Charles Worth: Father of Haute Couture (1825-1895) Yes, the father of Parisian Haute Couture was an Englishman. How ironic given the enmity between France and Britain over the centuries. Born in the small town of Bourne in Lincolnshire, the son of a local solicitor, Worth worked for several London textile merchants before hopping across the Channel in 1846 to Paris. After he opened his dressmaking establishment in 1858, all of Paris came calling. His clientsincluded the Empress Eugénie and Princess Pauline Metternich as well as CoraPearl. Before Worth, the dressmaker responded to the wish of the client. Worth changed all that. He created the designs, and the customer lapped it up. Four
times a year, he displayed dresses worn by models at fashion shows. Clients made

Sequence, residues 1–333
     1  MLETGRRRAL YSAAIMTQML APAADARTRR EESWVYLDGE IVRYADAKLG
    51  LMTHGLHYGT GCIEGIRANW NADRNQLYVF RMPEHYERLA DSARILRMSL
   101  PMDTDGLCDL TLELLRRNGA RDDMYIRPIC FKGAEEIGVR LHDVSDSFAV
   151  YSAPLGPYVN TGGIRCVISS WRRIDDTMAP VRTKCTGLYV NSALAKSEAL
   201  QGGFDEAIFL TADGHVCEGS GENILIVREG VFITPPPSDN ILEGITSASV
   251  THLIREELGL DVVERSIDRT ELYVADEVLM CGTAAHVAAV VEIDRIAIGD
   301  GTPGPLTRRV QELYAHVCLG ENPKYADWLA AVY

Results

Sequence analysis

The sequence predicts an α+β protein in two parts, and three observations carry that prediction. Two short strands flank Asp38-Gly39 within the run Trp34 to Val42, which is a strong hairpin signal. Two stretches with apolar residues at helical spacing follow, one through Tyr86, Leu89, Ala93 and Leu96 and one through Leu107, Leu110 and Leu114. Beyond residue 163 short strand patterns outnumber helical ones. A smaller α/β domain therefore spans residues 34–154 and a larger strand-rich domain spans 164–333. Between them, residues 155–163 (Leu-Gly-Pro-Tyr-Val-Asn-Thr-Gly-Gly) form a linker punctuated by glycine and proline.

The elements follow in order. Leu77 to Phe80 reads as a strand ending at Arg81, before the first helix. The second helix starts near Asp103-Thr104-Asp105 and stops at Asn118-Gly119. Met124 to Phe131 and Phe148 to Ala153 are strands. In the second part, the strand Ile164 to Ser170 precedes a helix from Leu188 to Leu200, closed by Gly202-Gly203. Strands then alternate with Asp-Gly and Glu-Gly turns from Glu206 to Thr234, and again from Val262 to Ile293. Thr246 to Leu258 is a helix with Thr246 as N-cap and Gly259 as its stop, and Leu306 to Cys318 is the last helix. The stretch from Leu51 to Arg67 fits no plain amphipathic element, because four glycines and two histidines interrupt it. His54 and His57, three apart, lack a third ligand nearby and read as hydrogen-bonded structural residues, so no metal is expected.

their selection, as they do today, and had the garments tailor-made. Many of Worth’s steady customers were American and English heiresses, who willing came across the ocean to buy his clothes. And they were not cheap, a Worth gown could cost hundreds of dollars. Worth used the best fabrics and trimmings; incorporating elements of historical dress in his gowns. He was known for the meticulous fit of his clothes. Worth was the first designer to put labels in the clothes he manufactured.
In order to set herself apart from the other courtesans in Paris, Cora became renowned for her skill with horses. At the height of her career, Cora owned about 60 horses, and a fleet of expensive carriages in which to ride in the parks during the peak hours. It was Cora who started the fashion for courtesans to take carriage rides in the Bois de Boulogne.